(Gray, Single) => (Bgr, Single) => (Hsv, Single) => (Hsv, Double).

  5. type-safe generic extensions

    The generic-image itself does not contain any methods which converts the image representations. This functionality is provided through extensions. Generic image is the foundation for all other image-processing algorithms and cross-library interoperability.



This article presents the portable generic image library which offers interoperability with image formats from other libraries: EmguCV, OpenCV, AForge.NET, Accord.NET and with the standard .NET types (Bitmap, BitmapData, 2D and 3D array). The code contains complete source as well as commented samples. The source and sample code are the part of Accord.NET Extensions Framework, a framework that brings many advanced algorithms primarily for image processing, object detection and tracking, all packed as fluent extensions and simple and intuitive generics, so do not forget to take a peek

[Click through for the source and more] 

Introducing Portable Video IO Library for C#


Current image-processing and computer-vision libraries such as AForge.NET, Accord.NET or EmguCV bring many algorithms but they lack unified API for video, camera and image directory reading and writing. The AForge.NET and Accord.NET libraries relay on DirectX which is not portable and the EmguCV merely wraps the OpenCV file and video capture but does not provide the unified API.

The Accord.NET Extensions Framework provides unified API for IO video access: web-camera support, various video-format reading / writing, image-directory reader. All operations are stream-like and are abstracted therefore do not depend on actual video source. The library is made in platform-abstract fashion. If you have been using System.IO.Stream class then you will certain be familiar with the Accord Extensions Vision.IO library.


The figure below shows the unified architecture for video IO reading and writing, camera capture and directory reading.


The base class that all other classes inherit is ImageStream<TImage> where TImage is the generic image type. This class contains the base stream properties, but you probably will not be using it directly. The more interesting classes, which you are going to use much more often are: ImageStreamReader<TImage> and ImageStreamWriter<TImage>. Those classes have very nice properties:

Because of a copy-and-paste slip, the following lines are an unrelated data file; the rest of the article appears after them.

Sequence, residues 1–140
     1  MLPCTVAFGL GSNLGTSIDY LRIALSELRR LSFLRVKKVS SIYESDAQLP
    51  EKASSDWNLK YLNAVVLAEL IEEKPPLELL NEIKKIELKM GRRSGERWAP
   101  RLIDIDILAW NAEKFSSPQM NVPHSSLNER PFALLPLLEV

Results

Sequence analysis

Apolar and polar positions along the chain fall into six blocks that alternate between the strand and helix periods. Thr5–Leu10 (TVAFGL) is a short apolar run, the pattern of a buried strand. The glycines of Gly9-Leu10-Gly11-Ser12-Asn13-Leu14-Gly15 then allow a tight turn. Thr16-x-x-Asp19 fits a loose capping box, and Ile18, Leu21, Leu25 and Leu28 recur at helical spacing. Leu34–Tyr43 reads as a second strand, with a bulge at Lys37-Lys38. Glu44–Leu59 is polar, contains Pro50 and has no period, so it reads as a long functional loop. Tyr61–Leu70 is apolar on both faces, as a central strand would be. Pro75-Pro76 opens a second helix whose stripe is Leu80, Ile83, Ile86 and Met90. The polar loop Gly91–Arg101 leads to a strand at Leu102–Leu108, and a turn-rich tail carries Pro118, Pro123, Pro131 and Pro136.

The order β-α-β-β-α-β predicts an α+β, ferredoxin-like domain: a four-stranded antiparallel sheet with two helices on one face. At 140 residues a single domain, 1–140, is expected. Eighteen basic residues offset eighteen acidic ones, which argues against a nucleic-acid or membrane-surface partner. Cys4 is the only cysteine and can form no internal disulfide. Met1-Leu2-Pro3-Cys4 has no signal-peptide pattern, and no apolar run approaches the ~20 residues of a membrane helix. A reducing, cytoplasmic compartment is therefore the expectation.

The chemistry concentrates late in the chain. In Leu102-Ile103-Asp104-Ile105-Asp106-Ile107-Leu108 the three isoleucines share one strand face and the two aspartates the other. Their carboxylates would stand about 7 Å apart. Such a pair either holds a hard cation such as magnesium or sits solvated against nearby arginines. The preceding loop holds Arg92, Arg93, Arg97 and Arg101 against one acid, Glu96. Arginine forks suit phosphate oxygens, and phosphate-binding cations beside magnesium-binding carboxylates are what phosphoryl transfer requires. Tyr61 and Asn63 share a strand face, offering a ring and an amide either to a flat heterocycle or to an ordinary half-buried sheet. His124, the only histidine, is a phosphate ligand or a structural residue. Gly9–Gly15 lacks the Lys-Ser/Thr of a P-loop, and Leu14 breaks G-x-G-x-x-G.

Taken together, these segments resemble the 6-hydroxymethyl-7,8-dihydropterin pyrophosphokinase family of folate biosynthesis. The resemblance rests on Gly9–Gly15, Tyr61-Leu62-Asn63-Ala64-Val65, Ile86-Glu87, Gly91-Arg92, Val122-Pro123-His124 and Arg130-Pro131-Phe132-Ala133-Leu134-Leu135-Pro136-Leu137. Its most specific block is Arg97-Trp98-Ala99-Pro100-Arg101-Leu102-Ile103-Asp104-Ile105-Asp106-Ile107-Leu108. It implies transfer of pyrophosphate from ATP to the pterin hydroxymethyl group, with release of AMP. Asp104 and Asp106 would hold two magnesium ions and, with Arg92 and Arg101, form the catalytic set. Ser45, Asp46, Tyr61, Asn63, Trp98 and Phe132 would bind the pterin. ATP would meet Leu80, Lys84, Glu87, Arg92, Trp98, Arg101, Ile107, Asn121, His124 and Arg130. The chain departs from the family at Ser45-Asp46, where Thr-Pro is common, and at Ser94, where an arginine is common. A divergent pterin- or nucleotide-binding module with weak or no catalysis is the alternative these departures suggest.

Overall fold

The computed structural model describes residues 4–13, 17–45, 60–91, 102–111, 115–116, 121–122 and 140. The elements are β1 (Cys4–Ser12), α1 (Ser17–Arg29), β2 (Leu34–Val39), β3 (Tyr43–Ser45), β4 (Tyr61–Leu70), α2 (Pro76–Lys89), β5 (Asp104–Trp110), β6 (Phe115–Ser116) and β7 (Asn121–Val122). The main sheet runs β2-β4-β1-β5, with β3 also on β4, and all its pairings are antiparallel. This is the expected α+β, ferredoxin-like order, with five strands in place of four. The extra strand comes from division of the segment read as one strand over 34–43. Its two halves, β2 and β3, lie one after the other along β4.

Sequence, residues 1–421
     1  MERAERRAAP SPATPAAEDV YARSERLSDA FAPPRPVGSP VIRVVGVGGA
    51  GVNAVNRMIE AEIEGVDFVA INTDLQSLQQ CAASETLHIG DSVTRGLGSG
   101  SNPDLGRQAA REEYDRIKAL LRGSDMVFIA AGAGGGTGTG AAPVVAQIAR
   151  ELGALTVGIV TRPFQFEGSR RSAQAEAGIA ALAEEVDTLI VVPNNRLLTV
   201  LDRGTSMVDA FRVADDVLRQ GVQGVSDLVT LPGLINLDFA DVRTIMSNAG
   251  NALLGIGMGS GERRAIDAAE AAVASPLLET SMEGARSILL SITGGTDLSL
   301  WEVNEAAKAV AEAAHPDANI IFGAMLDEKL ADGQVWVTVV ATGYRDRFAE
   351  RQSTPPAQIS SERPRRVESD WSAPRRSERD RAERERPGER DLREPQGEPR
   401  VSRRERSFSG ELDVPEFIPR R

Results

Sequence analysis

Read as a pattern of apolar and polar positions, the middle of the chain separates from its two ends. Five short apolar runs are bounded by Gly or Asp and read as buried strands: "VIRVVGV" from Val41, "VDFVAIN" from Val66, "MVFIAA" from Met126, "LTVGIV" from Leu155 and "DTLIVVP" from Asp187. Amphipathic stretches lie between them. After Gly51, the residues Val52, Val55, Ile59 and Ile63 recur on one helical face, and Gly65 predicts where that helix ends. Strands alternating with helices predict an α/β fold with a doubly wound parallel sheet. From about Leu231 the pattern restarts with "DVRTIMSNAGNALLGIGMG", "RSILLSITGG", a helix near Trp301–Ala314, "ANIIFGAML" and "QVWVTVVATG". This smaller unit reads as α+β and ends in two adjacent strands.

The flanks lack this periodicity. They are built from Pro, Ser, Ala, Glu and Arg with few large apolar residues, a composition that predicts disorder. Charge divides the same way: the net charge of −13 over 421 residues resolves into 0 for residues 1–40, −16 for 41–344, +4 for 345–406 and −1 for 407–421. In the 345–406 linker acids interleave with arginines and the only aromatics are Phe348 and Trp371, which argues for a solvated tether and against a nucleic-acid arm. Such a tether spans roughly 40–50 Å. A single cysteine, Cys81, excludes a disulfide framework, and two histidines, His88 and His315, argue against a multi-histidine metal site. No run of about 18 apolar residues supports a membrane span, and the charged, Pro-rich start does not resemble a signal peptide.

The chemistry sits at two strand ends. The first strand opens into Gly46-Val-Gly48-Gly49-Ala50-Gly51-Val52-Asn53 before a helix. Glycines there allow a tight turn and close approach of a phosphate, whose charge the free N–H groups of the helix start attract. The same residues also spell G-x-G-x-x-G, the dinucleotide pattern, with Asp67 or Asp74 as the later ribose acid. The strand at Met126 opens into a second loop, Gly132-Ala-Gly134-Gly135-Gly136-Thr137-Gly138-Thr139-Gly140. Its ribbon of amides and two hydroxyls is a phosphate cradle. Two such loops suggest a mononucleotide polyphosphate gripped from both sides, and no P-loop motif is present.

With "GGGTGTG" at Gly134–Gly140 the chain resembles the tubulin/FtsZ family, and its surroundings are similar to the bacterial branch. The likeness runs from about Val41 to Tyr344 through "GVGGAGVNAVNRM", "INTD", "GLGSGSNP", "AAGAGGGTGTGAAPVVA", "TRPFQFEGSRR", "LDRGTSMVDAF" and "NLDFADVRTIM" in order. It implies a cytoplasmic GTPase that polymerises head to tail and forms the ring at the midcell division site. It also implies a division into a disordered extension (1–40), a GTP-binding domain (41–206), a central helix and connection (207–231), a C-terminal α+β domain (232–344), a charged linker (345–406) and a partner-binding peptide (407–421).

1. the class members use the standard names for stream-like classes

    By using familiar names developer does not have to learn anything new.

  2. they are enough for all basic video IO operations

    if you just want shared IO operations which do not include specific type members the ImageStreamReader<TImage> and ImageStreamWriter<TImage> classes are enough for all video IO operations. The provided abstraction layer enables you to write programs that do not handle video stream source types separately which makes the code clean and easy maintainable.

Now, here are some concrete samples!


NuGet package

Although the implementation uses the unmanaged libraries the provided NuGet package is platform abstract - for now (x86 /x64 - Windows). Depending on the running OS architecture the appropriate unmanaged library is loaded so the developer does not need to handle multiple OS architectures separately. The image below shows the pre-compiled library locations.



This article presents the portable video IO library which offers unified stream-like interface for file and camera capture and image directory reading. The library also enables video writing. The code contains complete source as well as samples with comments. The source and sample code are the part of Accord.NET Extensions Framework, a framework that brings many advanced algorithms primarily for image processing, object detection and tracking, all packed as fluent extensions and simple and intuitive generics, so do not forget to take a peek